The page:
MSNBC Guests: Conservative Media, Partisanship Keep GOP from Impeaching Trump

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Leave to a former National Review editor and former RNC chair to lament their former cohorts aren’t doing the supposed right thing. 

On Thursday’s Hardball, MSNBC political analysts Robert Costa and Michael Steele pinned blame on a devout affinity to President Trump, a “conservative media complex,” and a love of partisanship on the right for why the Republican Party have refused to join Democrats in their push to impeach and remove Trump.

 

 

The segment began with lengthy back-and-forth between Steele and host Chris Matthews in which Steele tried to explain why many Republicans would like to hear from the whistleblower in the now infamous complaint before going further, but Matthews behaved as if Steele weren’t on the pro-impeachment side.

Once Matthews wrapped his brain around the fact that Steele was merely summarizing what he believes Hill Republicans are thinking, Costa interjected with his reasoning why Republicans haven’t joined the left (and the media, but that’s redundant) in wanting to overthrow Trump. 

The Washington Post reporter’s reason? Well, go ahead and blame that pesky conservative media (click “expand”):

COSTA: This isn't 1973, 1974, there's a conservative media complex, a Republican Party that goes beyond just Mitt Romney, the senator from Utah, Ben Sasse on Capitol Hill. There’s a whole group on the outside that's coming to the barricades for this President, and that's what the Republicans on Capitol Hill are looking at. 

STEELE: There's no Larry Hogan, Sr. in that building right now who’s going to say to the President of the United States, “Sir —

MATTHEWS: Okay.

COSTA: If they think it’s so bad, where is the challenger behind Bill Weld for 2020?

MATTHEWS: Let me ask you — does this come down to the — 

COSTA: Or Joe Walsh?

MATTHEWS: — question the fight's more important than the facts? 

Matthews then put his finger on one accurate reason why the right has stuck with the President, which was that “they're so angry, so resentful of the democratic, liberal establishment in this country that they see has been running this country for years.”

Steele agreed, but instead of leaving it at that, he took a pot shot at the party he’s supposedly a part of for being too partisan instead of, you know, putting country first (click “expand”):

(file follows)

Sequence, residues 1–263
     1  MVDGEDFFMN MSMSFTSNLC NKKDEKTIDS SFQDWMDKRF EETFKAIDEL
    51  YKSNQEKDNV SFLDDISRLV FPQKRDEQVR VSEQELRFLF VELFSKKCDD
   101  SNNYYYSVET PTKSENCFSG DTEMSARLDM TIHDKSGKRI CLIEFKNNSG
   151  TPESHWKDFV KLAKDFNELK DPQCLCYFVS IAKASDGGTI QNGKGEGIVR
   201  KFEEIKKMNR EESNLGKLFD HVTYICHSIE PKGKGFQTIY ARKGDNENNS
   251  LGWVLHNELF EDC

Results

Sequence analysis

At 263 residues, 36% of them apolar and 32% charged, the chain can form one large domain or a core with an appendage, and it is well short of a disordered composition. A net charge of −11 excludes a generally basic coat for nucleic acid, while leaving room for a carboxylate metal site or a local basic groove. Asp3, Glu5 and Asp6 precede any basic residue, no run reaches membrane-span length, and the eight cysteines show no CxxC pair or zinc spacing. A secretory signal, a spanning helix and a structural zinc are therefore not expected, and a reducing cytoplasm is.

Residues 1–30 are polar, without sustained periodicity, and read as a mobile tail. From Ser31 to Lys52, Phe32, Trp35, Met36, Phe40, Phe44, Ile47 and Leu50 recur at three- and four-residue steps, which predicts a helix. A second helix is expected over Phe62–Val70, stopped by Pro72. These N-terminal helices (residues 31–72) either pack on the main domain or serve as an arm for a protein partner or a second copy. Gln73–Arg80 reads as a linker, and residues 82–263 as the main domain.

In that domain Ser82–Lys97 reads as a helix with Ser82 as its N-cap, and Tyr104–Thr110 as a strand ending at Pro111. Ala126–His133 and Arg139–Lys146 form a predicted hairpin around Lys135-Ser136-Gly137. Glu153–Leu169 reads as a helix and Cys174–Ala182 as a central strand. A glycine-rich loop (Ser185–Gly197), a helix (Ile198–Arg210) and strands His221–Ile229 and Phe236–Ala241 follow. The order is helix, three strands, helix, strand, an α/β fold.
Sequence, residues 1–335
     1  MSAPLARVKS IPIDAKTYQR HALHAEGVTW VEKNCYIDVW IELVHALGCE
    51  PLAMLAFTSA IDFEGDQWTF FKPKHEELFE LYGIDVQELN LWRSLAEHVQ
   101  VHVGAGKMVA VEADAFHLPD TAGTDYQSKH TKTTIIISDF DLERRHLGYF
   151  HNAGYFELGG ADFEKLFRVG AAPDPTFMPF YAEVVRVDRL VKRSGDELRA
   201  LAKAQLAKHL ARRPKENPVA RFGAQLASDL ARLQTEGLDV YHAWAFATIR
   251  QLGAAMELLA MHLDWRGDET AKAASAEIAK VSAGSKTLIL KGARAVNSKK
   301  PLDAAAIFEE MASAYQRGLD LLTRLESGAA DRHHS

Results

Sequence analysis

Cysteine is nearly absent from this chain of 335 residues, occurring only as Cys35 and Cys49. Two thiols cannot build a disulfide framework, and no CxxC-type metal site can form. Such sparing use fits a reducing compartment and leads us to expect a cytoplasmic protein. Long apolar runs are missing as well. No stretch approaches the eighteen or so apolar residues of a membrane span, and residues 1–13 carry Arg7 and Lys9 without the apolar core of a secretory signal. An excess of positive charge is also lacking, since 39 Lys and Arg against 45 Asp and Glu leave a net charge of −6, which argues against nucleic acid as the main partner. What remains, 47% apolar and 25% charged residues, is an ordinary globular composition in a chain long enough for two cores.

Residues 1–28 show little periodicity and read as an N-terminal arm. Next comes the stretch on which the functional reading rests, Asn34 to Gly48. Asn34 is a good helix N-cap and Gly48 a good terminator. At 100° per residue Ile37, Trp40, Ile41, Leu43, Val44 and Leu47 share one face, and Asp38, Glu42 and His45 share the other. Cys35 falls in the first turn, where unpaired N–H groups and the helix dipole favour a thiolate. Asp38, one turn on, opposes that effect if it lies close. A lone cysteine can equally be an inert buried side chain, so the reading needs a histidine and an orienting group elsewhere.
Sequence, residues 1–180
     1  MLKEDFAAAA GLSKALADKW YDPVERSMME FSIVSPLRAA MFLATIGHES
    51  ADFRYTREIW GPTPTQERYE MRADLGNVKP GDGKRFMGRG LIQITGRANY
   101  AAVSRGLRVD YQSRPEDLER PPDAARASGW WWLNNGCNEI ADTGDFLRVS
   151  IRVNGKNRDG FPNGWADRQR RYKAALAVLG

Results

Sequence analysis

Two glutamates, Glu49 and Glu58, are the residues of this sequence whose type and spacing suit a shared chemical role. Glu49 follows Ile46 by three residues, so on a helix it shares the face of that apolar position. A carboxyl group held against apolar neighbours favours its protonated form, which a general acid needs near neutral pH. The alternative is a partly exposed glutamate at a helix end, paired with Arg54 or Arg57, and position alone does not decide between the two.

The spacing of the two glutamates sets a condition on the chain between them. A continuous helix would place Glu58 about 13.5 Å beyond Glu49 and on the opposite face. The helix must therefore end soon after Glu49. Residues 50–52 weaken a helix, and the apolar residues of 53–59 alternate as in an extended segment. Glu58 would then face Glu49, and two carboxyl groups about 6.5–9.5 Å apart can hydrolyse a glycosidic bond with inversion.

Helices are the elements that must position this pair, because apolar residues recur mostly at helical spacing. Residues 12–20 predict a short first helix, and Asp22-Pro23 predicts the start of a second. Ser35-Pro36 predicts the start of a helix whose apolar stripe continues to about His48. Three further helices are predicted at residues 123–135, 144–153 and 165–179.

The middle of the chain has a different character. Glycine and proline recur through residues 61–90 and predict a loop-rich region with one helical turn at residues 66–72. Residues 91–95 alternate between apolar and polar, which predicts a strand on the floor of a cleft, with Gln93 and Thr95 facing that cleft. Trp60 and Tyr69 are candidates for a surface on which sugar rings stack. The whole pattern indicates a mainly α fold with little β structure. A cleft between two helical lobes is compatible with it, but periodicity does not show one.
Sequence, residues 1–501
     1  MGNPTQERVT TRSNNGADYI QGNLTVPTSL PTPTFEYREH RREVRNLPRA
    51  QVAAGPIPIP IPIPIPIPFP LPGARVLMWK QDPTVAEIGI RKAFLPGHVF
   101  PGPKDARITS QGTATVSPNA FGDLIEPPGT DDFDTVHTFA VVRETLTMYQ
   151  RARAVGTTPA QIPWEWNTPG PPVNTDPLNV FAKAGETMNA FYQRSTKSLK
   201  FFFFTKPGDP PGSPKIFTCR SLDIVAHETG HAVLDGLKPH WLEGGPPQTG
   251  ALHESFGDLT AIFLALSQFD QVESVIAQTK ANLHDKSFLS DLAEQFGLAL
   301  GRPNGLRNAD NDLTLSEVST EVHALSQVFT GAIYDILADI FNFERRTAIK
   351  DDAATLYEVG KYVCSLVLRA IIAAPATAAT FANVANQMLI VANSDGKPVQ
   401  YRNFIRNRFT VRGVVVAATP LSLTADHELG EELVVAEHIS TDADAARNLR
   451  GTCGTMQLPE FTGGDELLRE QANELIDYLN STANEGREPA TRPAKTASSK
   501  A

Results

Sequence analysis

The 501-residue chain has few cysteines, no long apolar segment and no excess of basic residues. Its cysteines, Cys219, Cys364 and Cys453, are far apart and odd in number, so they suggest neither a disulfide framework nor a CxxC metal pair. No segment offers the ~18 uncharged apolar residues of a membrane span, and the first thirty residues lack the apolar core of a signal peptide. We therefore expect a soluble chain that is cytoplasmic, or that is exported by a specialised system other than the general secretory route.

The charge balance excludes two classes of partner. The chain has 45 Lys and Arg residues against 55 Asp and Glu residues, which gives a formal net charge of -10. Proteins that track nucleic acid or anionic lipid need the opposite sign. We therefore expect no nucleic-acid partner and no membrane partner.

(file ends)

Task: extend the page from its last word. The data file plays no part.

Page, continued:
STEELE: I think you just nailed — nailed it. That — that is the raison d'etre or whatever that nice little

MATTHEWS: Yeah, raison d'etre. 

STEELE: — yeah, that’s that French — that French phrase? Yeah that's that moment right there for them. That's what this fight is about. The partisanship has eclipsed the politics. The partisanship defines everything, and right now this is a fight to create the phalanx around the President, do or die. 

COSTA: But there’s a lot of quiet. When I was roaming around the Senate today, a lot of senators when I wept up to them with the notebook and the recorder they said, “ah, no thanks, I haven't read the full complaint, haven't read the letter.”

STEELE: Right, right. 

MATTHEWS: Toomey said that on Sunday. 

COSTA: He kept saying it.

MATTHEWS: He kept saying I know nothing. He was Sergeant Schultz. I know nothing, right.

COSTA: A lot of these — if you're in a swing state, if you’re up in 2020, Susan Collins —

STEELE: Exactly.

COSTA: — Senator from Maine, she tells — she told me I don't want to comment because I could be a juror in the trial in the Senate. So they're all coming up with remarks that take them away from having to get in the fight. 

While it wasn’t like his unsolicited pep talks over the last few days, Matthews concluded by insisting that Democrats must not wait much longer before they move forward with an impeachment vote before moving to the Senate trial to maximize the moment.

To see the relevant transcript from MSNBC’s Hardball on September 26, click “expand.”

MSNBC’s Hardball
September 26, 2019
7:48 p.m. Eastern

CONGRESSMAN MIKE TURNER (R-OH): I've read the complaint and I've read the transcript of the conversation with the President and the President of Ukraine. Concerning that conversation I want to say, President, this is not okay. That conversation is not okay, and I think it's disappointing to the American public when they read the transcript.